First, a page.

Significance/Reception: The publication of over a quarter-million diplomatic cables - characterized as the largest-ever leak of its kind - was the final of three mega-leaks in 2010, following twin releases of Afghan and Iraq War motherlodes. Unsurprisingly, government officials further decried WikiLeaks and Assange; after unloading the entire unredacted cache, even the organization’s mainstream media partners voiced criticism.
Outside U.S. diplomatic relations, the leaked cables have been widely credited with contributing to the overthrow of President Zine El Abidine Ben Ali of Tunisia, whose inner circle had been likened to a Mafia family by U.S. officials; the events in Tunisia subsequently influenced a series of regional demonstrations, protests, and civil wars later dubbed “the Arab Spring.”
See also: The Public Library of US Diplomacy (PlusD) - WikiLeaks has been compiling a massive archive of diplomatic cables which include the Cablegate documents, in addition to previously declassified materials such as “the Kissinger Cables” and “the Carter Cables.”
TARGET/SUBJECT: Swiss Bank, Julius Baer
PUBLISHED: January 2008
BOLD: 7 FRIVoLOUS: 0
CONTENTS OF LEAK: Account data alleged to reveal money laundering and tax evasion. According to Wikileaks the documents exposed more than $4.5 billion worth of money laundering including by the former president of Kenya.
SIGNIFICANCE/RECEPTION: After winning an injunction against WikiLeaks, preventing the publication of its own embarrassing information, Julius Baer over-reached by seeking to get the entire site shut down. The move backfired spectacularly, generating more negative attention for the bank and providing WikiLeaks with a triumphant victory over attempted suppression.
See also: Kaupthing Bank, Iceland. The July 2009 publication of an internal document exposing suspicious transactions prior to Iceland’s financial crisis of 2008-2012 resulted in similar legal threats against WikiLeaks, which were ultimately dropped after public outrage toward Kaupthing swayed an Icelandic court to lift a gag order suppressing the document.
United States Department of Defense
April 24, 2011
Contents of leak: Nearly 800 internal reports from the controversial Guantánamo Bay detention camp. The documents, referred to as Detainee Assessment Briefs, provide background information about each prisoner, including health status and biographical details. Recommendations to release or retain custody of the detainees were revealed, which were determined by appraisals of their threat potential and intelligence value.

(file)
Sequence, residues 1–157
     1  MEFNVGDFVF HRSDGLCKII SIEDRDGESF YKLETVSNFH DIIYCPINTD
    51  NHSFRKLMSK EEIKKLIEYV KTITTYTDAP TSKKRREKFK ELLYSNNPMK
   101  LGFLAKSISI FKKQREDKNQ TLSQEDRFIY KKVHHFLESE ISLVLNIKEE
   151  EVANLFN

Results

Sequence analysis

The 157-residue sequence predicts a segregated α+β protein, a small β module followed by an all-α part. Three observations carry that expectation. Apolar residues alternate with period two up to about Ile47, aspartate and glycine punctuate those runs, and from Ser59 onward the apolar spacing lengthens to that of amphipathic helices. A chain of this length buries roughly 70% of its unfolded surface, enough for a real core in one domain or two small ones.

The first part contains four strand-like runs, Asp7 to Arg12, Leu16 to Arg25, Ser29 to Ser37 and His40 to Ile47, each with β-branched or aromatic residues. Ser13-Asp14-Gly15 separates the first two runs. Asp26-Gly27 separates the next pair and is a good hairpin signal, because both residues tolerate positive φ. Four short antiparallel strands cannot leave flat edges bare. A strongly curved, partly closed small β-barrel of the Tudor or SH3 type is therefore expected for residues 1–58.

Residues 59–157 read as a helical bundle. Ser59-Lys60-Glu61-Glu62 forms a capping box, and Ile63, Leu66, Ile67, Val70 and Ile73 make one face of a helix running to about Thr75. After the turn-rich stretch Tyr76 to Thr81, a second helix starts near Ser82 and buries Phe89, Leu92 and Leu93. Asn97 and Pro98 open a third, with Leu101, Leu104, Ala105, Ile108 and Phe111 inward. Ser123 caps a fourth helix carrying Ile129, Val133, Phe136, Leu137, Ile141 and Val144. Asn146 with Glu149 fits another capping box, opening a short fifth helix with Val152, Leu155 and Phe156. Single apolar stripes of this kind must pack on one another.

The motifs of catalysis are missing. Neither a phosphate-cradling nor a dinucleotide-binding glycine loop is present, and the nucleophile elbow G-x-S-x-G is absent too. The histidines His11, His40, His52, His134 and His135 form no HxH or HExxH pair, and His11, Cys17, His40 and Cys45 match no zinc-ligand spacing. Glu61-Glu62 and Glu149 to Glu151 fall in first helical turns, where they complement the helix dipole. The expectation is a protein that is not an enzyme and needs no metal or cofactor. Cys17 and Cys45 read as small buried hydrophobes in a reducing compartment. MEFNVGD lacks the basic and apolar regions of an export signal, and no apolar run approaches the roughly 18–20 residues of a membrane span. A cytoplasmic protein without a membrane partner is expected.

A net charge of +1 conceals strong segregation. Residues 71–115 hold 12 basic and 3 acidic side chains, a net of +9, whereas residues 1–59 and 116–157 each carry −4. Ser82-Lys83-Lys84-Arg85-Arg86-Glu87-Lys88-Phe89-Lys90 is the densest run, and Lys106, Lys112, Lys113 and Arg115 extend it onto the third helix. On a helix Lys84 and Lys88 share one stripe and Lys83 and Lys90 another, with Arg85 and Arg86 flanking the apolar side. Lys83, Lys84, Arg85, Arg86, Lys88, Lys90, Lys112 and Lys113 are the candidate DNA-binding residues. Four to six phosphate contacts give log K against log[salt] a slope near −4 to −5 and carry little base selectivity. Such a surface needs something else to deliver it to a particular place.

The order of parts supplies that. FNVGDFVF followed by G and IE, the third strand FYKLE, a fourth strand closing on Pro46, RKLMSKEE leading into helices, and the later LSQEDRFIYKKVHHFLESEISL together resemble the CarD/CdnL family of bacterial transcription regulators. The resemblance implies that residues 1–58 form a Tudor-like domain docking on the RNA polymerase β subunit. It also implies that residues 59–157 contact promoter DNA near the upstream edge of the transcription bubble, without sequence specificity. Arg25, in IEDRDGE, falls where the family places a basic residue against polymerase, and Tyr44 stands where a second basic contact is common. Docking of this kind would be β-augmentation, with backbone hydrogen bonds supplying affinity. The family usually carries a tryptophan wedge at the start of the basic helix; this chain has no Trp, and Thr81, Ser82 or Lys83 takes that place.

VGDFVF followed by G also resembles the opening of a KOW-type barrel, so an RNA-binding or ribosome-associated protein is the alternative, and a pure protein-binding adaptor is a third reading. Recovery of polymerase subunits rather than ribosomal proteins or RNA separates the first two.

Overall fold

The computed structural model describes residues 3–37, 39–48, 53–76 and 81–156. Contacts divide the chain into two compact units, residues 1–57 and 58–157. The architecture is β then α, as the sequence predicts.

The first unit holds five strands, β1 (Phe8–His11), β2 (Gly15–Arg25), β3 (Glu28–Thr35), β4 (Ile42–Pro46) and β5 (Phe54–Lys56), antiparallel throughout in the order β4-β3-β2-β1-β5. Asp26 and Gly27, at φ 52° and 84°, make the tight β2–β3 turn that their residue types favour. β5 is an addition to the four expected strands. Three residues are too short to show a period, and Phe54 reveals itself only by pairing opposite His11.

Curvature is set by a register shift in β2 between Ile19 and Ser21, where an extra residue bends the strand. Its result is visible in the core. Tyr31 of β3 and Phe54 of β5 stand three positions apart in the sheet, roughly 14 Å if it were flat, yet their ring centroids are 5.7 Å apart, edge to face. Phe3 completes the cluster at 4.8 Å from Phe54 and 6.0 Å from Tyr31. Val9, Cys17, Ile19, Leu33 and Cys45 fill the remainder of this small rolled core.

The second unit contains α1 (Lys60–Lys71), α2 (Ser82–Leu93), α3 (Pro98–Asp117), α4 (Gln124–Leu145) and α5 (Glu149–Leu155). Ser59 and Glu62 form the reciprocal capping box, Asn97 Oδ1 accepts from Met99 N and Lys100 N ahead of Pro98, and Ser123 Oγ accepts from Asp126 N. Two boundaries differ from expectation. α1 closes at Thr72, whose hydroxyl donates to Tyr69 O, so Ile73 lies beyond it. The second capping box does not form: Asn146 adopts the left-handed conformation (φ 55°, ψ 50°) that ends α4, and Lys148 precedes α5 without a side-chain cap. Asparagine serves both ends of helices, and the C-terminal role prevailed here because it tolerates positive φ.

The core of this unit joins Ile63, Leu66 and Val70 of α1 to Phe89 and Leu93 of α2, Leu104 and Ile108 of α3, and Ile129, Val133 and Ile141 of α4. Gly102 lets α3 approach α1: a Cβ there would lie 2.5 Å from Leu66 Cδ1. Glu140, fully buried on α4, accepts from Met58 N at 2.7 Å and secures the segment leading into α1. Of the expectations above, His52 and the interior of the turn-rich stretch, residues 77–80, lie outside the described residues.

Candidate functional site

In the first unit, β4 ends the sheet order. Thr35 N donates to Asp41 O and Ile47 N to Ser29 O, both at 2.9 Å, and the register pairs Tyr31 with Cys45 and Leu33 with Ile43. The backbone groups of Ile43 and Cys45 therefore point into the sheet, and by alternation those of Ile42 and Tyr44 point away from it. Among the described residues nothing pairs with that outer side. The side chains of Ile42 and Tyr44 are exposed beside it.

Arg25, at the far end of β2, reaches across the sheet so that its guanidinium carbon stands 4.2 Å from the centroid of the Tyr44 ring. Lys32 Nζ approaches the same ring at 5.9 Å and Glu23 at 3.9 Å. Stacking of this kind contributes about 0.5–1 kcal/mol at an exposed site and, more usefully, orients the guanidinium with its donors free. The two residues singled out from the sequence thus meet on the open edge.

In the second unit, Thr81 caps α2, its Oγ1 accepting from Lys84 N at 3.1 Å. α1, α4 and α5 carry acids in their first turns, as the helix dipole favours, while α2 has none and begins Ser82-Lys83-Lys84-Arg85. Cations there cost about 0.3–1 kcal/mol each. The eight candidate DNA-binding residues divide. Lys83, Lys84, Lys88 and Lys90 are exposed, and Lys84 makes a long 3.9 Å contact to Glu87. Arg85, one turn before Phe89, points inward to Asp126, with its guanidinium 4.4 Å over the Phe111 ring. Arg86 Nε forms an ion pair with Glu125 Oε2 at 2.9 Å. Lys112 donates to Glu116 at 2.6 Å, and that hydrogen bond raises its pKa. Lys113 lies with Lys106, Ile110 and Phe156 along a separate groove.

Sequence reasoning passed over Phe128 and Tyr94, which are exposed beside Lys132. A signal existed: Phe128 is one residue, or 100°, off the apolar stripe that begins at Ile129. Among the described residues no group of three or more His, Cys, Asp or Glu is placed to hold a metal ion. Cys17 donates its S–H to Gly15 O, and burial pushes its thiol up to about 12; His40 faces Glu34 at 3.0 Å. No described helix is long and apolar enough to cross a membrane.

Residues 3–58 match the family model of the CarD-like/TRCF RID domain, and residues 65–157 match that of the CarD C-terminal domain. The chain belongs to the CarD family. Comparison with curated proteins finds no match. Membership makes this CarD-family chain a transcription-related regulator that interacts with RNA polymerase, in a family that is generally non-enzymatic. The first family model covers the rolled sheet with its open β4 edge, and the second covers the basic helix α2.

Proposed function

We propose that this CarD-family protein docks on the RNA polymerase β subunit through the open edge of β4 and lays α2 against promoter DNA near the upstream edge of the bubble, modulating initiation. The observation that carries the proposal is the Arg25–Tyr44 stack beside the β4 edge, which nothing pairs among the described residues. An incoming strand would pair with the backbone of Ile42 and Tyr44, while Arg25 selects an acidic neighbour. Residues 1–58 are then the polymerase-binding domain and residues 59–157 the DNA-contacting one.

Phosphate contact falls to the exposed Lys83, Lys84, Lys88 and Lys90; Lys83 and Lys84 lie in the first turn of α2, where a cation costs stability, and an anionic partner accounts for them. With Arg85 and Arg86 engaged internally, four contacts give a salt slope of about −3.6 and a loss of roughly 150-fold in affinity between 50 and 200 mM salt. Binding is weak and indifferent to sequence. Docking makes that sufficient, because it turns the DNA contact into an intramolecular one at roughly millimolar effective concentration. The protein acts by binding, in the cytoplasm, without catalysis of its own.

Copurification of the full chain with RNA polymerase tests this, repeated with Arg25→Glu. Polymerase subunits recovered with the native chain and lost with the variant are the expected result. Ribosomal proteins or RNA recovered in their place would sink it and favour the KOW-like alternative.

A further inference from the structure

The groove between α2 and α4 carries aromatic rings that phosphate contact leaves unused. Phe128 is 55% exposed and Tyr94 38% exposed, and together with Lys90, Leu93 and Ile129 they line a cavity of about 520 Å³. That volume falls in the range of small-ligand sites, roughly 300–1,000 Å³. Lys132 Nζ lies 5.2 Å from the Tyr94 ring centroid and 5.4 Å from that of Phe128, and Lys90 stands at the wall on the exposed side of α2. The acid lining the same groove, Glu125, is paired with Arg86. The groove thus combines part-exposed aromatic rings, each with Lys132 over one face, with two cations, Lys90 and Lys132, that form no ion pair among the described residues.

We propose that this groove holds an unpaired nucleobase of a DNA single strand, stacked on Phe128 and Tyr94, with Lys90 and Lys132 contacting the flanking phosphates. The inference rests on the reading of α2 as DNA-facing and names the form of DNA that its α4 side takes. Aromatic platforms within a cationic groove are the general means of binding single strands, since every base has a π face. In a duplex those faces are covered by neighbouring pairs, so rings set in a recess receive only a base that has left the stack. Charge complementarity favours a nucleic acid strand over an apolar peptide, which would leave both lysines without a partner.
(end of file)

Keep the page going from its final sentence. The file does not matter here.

Significance/Reception: The military prison at “Gitmo” has remained a hot-button issue for many Americans, particularly since President Barack Obama’s 2008 campaign promise to close the facility during his first year in office. (Today, more than 100 prisoners still remain at Guantánamo.) Reaction to the documents was varied, with American mainstream media outlets focusing on the revealed activities of the suspected terrorists in custody while Non-US news sources highlighted the questionable detention of numerous innocent or low-threat captives.
See also: “The Detainee Policies,” published beginning October 25th, 2012; more than 100 classified procedural documents pertaining to individuals held in U.S. military custody. The collection’s first entry, a manual for handling Gitmo prisoners known as the Camp Delta Standard Operating Procedures, was originally published in 2007. Among other information, the policies confirm the use of dogs as an intimidation tactic against detainees as well as the official policy of removing an inmates garments by cutting them of when they first arrive.
The British National Party, a far-right political faction in the United Kingdom
November 18, 2008
Contents of leak: Information identifying many members of the Party, described by political commentators as “neo-fascist,” “anti-immigration,” and “white nationalist.”
Significance/Reception: The BNP is exceptionally controversial in the United Kingdom, where members are banned from certain occupations, including police and prison work; several outed individuals, including police officers and a sports-radio DJ were subsequently investigated and “sacked,” in the local parlance. One profession that avoided the proverbial sacking were teachers.
TARGET/SUBJECT: Texas-based global
intelligence company Stratfor
PUBLISHED: February 27, 2012
BOLD: 7 FRIVoLOUS: 0
CONTENTS OF LEAK: Over five million emails containing client information, intelligence-gathering terminology and strategy, and accounts of financial activities. The leak exposed and explored Stratfor’s deep ties to private-sector corporations, as well as the U.S. military and government. Among the findings were the fact that Stratfor had been tracking activist groups including the pranksters of the Yes Men and selling the information to corporations. What may have been the most important finding is that many analysts dubbed Stratfor's services "bad intelligence," meaning that the company was billing governments and corporations for useless information. Stratfor's response was in line with one internal memo from it's vice president of intelligence, "Admit nothing, deny everything and make counter-accusations."
SIGNIFICANCE/RECEPTION: Murmurs regarding how to prosecute (or extrajudicially handle) Julian Assange were bandied about by the usual suspects while journalists like Amy Goodman of Democracy Now! gushed that “thanks to WikiLeaks and its media partners, we have a disturbingly vivid picture of the intelligence-industrial complex.”
see also: “The Spy Files,” published beginning December 1, 2011; a collection of documents belonging to scores of global “intelligence contractors,” demonstrating how mass surveillance companies collaborate with intelligence agencies to compile data on huge populations worldwide. While issuing his official press statements, Assange said, “Who here has a BlackBerry? Who here uses Gmail? Well you are all screwed! The reality is intelligence contractors are selling right to countries around the world mass surveillance systems for all of those products.”
The Church of Scientology
March 24, 2008